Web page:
We've had hundreds and hundreds of years to get used to money in the form of coins and bills, though exactly how long we've used them varies quite a bit from region to region. Of course, some spots on the globe have yet to adopt them at all, as anyone who's heard the much-told story of the Yap islanders and their huge limestone discs knows. But the history of money is, in essence, the history of bartering — trading something you have for something you want — becoming more and more abstract; now, with digital crypto-currencies like Bitcoin, it looks like money will ascend one level of abstraction higher. But to imagine what a truly non-abstract currency looks like, just look at the ancient Mayan civilization, the members of which paid their debts with chocolate.
"The ancient Maya never used coins as money," writes Science's Joshua Rapp Learn. "Instead, like many early civilizations, they were thought to mostly barter, trading items such as tobacco, maize, and clothing." Thanks to the work of archaeologist Joanne Baron, a scholar of murals, ceramic paintings, carvings and other objects depicting life in the Classic Maya period which ran from around 250 BC to 900 AD, we've now begun to learn how chocolate took on a major, money-like role in the Maya's economy.
Some images depict cups of chocolate itself, which the Mayans usually enjoyed in the form of a hot drink, being accepted as payment, and others show chocolate traded in the coin-like form of "fermented and dried cacao beans." In many scenes, Maya leaders receive their tributes (or taxes) most often in the form of "pieces of woven cloth and bags labeled with the quantity of dried cacao beans they contain."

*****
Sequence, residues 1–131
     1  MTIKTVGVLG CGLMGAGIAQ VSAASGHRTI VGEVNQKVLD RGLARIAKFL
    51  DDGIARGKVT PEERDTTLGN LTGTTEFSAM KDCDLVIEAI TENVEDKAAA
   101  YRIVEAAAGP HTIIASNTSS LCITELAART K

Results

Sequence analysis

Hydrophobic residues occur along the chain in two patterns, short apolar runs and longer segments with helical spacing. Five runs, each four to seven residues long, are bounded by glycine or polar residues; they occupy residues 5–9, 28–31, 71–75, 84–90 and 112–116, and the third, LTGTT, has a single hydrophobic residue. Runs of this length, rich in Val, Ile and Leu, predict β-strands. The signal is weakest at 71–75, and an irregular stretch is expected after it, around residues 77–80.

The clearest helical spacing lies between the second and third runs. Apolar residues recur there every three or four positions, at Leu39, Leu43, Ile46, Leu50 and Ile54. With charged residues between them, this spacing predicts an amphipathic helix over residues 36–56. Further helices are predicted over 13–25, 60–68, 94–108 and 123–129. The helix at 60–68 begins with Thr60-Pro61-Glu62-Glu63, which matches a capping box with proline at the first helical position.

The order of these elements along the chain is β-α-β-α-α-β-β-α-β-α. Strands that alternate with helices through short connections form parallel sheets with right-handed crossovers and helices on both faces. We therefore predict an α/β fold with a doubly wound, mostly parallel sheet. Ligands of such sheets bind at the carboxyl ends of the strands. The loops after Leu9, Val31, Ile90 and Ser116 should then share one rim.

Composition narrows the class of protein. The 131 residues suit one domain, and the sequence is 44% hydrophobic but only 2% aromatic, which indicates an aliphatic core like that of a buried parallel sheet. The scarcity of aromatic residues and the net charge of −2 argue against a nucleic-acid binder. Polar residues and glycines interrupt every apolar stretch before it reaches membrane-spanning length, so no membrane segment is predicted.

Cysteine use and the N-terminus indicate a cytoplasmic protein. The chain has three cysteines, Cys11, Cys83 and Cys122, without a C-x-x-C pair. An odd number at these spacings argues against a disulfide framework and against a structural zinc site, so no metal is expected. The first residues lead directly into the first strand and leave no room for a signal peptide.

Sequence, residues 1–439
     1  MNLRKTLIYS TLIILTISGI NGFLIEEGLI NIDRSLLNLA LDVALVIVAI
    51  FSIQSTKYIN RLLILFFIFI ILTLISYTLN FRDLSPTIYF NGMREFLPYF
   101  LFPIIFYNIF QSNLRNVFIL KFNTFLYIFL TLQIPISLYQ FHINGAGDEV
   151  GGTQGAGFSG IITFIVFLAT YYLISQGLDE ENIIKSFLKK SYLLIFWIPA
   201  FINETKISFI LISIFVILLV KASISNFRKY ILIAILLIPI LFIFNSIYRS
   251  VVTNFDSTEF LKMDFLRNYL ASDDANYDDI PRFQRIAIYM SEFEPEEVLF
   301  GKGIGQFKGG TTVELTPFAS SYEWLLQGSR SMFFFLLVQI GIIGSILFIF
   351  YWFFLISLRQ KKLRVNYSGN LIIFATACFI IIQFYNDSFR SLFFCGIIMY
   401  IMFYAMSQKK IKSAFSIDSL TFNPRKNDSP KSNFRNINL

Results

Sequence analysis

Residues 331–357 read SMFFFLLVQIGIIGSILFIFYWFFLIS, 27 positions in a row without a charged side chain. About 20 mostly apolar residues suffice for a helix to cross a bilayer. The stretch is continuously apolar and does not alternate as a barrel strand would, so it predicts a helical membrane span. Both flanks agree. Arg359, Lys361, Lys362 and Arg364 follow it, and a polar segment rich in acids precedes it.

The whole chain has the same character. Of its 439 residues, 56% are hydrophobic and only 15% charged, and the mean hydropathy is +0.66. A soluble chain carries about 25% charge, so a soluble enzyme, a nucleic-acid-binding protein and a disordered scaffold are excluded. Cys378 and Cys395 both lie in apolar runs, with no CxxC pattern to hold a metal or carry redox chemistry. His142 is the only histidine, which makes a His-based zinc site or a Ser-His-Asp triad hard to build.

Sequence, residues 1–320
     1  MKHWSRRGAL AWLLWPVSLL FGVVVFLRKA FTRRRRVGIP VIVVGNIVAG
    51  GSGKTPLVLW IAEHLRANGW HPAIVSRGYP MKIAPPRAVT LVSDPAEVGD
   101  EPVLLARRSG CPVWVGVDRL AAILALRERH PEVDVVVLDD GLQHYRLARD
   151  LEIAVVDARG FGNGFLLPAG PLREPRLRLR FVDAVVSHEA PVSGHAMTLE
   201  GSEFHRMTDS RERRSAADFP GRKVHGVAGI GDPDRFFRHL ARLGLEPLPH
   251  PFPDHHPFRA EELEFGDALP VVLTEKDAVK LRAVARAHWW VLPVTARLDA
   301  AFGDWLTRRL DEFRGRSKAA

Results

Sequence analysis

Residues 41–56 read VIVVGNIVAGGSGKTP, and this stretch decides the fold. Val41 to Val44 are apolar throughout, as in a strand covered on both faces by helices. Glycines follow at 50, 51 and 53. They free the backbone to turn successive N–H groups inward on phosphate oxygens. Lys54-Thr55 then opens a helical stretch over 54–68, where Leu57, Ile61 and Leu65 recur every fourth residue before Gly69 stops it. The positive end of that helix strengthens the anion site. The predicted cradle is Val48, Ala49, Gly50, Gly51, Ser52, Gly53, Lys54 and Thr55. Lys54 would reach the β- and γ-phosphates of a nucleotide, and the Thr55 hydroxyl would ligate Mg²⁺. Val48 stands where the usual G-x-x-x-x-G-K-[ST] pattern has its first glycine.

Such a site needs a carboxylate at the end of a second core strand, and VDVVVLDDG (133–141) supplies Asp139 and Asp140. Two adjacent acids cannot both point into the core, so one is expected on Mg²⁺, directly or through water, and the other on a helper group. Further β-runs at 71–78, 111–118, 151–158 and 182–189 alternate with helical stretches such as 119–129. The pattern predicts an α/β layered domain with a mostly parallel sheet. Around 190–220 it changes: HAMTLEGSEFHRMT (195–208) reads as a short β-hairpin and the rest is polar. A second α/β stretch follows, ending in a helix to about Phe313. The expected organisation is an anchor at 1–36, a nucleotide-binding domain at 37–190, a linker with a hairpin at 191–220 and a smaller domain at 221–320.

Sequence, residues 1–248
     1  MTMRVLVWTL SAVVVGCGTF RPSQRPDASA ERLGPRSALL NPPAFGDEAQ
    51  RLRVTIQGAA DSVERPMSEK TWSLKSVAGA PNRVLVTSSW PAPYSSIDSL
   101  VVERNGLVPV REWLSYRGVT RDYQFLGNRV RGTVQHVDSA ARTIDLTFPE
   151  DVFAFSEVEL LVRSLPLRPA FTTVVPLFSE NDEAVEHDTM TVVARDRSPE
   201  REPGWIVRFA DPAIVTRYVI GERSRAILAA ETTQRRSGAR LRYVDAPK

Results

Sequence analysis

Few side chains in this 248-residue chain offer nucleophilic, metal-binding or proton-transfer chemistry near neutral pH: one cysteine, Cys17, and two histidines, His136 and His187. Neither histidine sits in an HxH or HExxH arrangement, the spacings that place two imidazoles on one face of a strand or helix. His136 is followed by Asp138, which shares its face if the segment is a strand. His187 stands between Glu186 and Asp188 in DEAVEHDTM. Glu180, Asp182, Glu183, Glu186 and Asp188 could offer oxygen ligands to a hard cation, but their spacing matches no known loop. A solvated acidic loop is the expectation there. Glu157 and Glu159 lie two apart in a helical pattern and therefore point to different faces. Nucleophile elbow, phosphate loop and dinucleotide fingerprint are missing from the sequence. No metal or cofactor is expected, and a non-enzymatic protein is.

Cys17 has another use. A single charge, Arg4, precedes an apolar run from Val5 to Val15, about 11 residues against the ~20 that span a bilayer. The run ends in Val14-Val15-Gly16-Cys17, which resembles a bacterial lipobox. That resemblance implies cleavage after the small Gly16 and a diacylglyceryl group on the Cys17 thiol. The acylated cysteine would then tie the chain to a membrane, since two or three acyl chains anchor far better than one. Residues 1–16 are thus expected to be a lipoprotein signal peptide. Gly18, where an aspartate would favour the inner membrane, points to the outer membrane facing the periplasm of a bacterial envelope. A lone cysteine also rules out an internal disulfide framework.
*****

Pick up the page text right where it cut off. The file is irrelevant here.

Cacao beans eventually became such a valuable currency "that it was evidently worth the trouble to counterfeit them," writes Smithsonian's Josie Garthwaite in an article about the early history of chocolate (a subject about which you can learn more in the TED-ed video above). "At multiple archaeological sites in Mexico and Guatemala," she quotes anthropologist Joel Palka as saying, "researchers have come across remarkably well-preserved 'cacao beans'" that turn out to be made of clay. "Some scholars believe drought led to the downfall of the Classic Maya civilization," Learn notes, and according to Baron, "the disruption of the cacao supply which fueled political power may have led to an economic breakdown in some cases." That may sound strangely familiar to those of us who — even here in the 21st century, among the many who have gone nearly cashless and may soon not even need a credit card — have breakdowns of our own when we can't get our chocolate.
Based in Seoul, Colin Marshall writes and broadcasts on cities, language, and culture. His projects include the book The Stateless City: a Walk through 21st-Century Los Angeles and the video series The City in Cinema. Follow him on Twitter at @colinmarshall or on Facebook.